As I was digging into dinner last night, I surveyed the contents of my plate and decided the food was looking rather pedestrian. Yes, I’d topped the roast pork with a tasty sour cream and onion sauce. I added lemon zest and shredded cheese to the broccoli. But the potatoes were run-of-the-mill, simply diced and baked with nothing but salt and pepper. I could’ve done more there; a lot more. Starting with potatoes from La Bonnotte. It’s just, I don’t want to spend $300 for a pound of them.
$300 for potatoes – yikes. It sounds ridiculous unless you’re British royalty or the finest restaurants in Europe. A couple of medium-sized Russets – the ones we bake – weigh a pound, but the Bonnotte potato is more like the small red ones you cut up and season. 10-12 Bonnottes in a pound; so like, $30 each. That’s a pricey bite (and not exactly “small potatoes”). But if you’re willing, you can purchase your share of this delicacy; that is if you’re quick. They’re only on the market ten days a year.
What makes the Bonnotte the aristocrat of spuds? Here’s the meat and potatoes of it:
- La Bonnotte potatoes are found on a small island off the Atlantic coast of France, and nowhere else. It’s as if they’re grown in some fortified castle, surrounded by a wide moat.
- The potato field is limited to fifty square meters, so they’re not even using the entire island. You could walk the perimeter of the entire crop in about five minutes.
- Even though the island soil is ideal for growing La Bonnottes, the “secret sauce” is nearby seaweed and algae, mixed into the dirt by hand. This is perhaps the first time I’ve heard of a good use for seaweed.
- Every Bonnotte is harvested by hand, then treated, cleaned, and sold by a small cooperative of local farmers. Talk about an exclusive club.
- As I said, the harvest is only available for purchase ten days a year. Mark your calendars for May 1-10, 2023.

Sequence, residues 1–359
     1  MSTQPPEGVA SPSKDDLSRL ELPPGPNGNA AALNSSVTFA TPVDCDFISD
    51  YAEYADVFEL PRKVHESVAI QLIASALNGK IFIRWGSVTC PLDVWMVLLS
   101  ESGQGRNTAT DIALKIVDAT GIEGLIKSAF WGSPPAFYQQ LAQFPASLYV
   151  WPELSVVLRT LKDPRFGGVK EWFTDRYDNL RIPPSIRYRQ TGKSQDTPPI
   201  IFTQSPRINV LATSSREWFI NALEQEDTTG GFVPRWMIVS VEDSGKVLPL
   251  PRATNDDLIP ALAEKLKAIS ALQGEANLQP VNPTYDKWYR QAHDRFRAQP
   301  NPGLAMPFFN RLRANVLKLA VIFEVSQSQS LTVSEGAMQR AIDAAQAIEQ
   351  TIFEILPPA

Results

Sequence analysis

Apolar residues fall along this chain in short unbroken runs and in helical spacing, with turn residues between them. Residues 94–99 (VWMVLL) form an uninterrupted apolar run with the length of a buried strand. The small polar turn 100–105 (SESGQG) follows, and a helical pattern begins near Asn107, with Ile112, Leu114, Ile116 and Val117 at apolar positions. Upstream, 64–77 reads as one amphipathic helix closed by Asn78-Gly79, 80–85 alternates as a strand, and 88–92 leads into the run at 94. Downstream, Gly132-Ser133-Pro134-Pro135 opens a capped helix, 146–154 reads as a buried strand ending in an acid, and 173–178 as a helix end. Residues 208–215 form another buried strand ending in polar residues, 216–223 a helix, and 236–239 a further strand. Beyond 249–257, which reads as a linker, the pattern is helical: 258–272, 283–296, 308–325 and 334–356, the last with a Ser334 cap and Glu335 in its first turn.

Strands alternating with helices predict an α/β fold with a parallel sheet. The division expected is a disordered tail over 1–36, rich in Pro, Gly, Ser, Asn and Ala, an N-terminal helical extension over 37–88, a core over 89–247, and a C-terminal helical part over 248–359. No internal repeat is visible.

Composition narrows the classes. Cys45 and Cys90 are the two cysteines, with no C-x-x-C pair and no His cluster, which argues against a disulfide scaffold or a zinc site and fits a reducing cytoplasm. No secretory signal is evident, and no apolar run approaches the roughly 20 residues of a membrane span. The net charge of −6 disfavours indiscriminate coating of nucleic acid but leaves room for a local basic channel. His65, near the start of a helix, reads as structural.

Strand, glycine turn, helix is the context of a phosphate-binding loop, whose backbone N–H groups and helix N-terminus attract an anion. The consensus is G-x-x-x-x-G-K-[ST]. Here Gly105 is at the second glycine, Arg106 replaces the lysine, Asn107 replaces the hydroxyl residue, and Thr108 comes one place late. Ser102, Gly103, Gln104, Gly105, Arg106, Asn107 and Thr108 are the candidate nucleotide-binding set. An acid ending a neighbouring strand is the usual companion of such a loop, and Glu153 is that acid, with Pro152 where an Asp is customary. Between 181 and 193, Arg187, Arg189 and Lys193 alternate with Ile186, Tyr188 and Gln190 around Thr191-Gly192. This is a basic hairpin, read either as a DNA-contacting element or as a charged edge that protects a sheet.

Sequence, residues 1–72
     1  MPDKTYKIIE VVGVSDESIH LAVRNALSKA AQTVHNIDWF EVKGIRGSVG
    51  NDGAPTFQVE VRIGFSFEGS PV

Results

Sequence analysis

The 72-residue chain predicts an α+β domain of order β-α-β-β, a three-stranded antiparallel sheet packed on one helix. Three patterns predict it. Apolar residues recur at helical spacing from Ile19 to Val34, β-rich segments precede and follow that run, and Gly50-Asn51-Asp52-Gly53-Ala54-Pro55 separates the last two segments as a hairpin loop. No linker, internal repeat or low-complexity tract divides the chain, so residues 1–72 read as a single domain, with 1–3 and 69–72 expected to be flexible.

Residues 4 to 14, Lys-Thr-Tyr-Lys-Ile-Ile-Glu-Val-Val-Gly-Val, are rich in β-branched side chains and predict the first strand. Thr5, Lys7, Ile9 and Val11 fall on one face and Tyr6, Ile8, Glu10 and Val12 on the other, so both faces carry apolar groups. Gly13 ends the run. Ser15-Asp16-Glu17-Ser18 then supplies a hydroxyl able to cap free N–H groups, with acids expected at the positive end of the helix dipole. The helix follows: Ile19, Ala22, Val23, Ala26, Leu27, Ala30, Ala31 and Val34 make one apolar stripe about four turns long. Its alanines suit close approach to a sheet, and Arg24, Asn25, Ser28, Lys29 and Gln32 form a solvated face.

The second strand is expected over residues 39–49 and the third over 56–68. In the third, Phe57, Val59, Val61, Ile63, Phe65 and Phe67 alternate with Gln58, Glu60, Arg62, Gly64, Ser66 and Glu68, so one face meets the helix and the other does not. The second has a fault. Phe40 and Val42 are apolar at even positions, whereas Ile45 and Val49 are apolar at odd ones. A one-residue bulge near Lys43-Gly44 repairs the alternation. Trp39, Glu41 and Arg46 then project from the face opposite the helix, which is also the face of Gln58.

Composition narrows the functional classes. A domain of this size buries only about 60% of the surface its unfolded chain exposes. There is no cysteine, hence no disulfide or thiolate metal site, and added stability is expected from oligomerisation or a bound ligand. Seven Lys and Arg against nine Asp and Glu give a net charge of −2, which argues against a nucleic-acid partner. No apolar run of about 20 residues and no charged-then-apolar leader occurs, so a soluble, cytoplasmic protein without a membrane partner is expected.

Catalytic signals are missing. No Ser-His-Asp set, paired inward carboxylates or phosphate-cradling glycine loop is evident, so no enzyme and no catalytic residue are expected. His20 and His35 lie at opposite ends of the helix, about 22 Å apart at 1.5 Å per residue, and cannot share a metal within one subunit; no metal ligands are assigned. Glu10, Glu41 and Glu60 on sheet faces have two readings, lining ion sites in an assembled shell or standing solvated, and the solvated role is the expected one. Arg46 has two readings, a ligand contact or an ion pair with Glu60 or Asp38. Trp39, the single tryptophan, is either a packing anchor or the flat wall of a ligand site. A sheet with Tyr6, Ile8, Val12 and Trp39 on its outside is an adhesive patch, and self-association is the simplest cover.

Here’s my favorite reason to buy this hot potato (and for heaven’s sake, don’t drop one): you don’t peel them. You shouldn’t peel them. Their unique flavor – tastes of lemon, earth, “the sea”, and chestnut – is most concentrated in the skin. You eat them just the way they come out of the ground.
Luxuo is an online news portal whose mission is “to uncover the values which permeate the fiber of the world’s most recognizable luxury brands” (Got all that?) The Luxuo website has a dropdown menu for timepieces, yachting, motoring, properties…. and now you’ll find potatoes, because La Bonnottes (you don’t even call them “potatoes” at this price) are the most expensive potatoes in the world. By some measures they’re one of the most expensive foods in the world. Saffron, macadamia nuts, Beluga caviar, and white truffles are the top four, followed by La Bonnottes. Blue-blood spuds indeed.
[Author’s Note: I just had to know why we refer to things as “blue blood”. The term originated in Spain. It was used to differentiate between people with light skin from those with darker complexions. The veins of southern Europeans appeared bluer due to their pale and translucent skin. Wealthy landowners or their descendents were part of an upper class in Spain, and somewhere along the line the veins were associated with wealth. Not a look I prefer, but the money is tempting.]
After the La Bonnotte harvest and sell, a small number of the potatoes are reserved for a local festival, where they’re served plain, just as you see them in the entertaining video below (because no other ingredient deserves to share the pan). Who can blame the farmers for throwing a party? They’ve convinced the world to purchase potatoes for $300/pound yet again, just as they’ve done for decades before.
Some content sourced from Wikipedia, “the free encyclopedia”.